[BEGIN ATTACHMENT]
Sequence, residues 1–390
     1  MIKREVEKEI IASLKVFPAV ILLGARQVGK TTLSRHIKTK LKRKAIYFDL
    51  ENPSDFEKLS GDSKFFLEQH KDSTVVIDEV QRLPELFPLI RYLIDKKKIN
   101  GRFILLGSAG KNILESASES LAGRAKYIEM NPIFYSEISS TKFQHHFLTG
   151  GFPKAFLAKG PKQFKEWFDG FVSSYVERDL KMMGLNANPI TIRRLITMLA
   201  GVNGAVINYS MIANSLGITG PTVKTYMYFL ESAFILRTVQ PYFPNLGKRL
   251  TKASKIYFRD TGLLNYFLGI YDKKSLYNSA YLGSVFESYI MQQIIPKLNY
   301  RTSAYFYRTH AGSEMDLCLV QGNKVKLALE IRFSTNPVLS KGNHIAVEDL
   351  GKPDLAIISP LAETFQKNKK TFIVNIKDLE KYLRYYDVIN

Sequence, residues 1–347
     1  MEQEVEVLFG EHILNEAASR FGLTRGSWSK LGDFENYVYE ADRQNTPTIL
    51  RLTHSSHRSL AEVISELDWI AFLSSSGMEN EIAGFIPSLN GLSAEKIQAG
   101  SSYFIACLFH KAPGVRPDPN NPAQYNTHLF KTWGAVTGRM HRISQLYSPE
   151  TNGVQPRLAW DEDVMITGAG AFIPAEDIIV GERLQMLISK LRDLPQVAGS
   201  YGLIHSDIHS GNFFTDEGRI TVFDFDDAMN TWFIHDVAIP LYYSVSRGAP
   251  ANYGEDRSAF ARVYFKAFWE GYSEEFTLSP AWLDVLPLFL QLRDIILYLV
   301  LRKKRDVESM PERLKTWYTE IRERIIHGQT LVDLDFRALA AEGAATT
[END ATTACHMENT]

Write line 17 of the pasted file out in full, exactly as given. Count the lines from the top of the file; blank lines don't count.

   301  LRKKRDVESM PERLKTWYTE IRERIIHGQT LVDLDFRALA AEGAATT